“I have never invented anything. I have only, perhaps more than others, shown or brought forward that which is already there.”
Anselm Kiefer, 16 November 1990
Cited from the first page of an RA booklet on Kiefer’s exhibition, words summarize my first impression of art critics. What does it mean to be an art critic rather than a mere journalist, producing some articles for weekend newspapers read by the pretentious and elite art enthusiasts? Well, much to my surprise, whilst roaming through a bookstore in Marylebone this book caught my eye.
The book ‘A is a Critic’ is like a bag of assorted sweets; a collection of interviews with artists and opinions on art related issues and exhibition reviews, all written by Andrew Lambirth, a respected art critic and contributor to ‘The Spectator’ art column. The classification of the book itself could cause a great deal of confusion as I found it lying with biographies of businessmen and politicians, not with the beautifully-printed exhibition catalogues. Maybe the cliché explanation of this misplacement is the almost jokily executed cover art. Its hideous shade of gold and depiction of the art critic in profile almost immediately turns the visual readers away.
However, turning away from the superficial, Lambirth’s neatly executed and humorous lines have a certain magic of transporting readers to the exhibitions or interviews, as if you are in situ seeing the artworks through his eyes, or experiencing the diversity of characters, from Sir Peter Blake to Frank Auerbach, within the action of interview. It is cleverly written in plain English, leaving out elaborate adjectives, and unnecessary sentiment.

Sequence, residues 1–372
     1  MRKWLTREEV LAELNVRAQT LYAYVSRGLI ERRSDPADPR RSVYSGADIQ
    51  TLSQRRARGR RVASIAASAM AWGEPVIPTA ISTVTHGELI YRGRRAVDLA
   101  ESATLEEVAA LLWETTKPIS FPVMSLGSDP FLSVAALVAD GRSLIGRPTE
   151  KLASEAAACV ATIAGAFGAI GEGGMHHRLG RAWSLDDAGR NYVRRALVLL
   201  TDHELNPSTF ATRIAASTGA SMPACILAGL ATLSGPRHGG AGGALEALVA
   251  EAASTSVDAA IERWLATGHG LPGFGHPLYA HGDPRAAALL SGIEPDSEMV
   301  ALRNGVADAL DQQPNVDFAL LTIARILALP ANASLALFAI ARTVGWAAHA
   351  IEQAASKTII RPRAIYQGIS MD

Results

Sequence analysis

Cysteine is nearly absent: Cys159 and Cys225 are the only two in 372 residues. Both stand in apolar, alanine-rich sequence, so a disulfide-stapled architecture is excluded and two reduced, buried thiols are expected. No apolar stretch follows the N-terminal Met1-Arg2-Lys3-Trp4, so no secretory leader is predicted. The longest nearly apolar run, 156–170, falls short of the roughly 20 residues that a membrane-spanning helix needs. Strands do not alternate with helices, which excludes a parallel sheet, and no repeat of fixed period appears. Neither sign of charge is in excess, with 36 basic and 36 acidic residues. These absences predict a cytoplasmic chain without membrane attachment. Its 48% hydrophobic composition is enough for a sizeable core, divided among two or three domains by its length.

I passionately believe that Lambirth did a great job for those gallery visitors who are no longer paying attention to the ‘inside’ of art; in other words, he gives the art works enough time to grow and cultivate powerful impacts on their viewers. Through his visually analytic language and profound knowledge of artists and their creations, the readers are able to see the artworks again in their memory with the help the writer.
“In the Royal Academy’s courtyard are two large glass cases or vitrines containing model submarines. In one the sea has recorded, dried up, and the tin fish are stranded on the cracked mud of the ocean floor.”
Abstract from ‘All my doubts about Anselm Kiefer are blown away by his Royal Academy show’ by Andrew Lambirth, 11 October 2014
Last, I would like to share a description of Kiefer’s installation from A. Lambirth’s article on the exhibition and encourage the readers to immerse and set their minds to his words and view the artworks again with a fresh eye. Perhaps, that is the role of an art critic: a gentle reminder of the inner world of art works beyond physicality.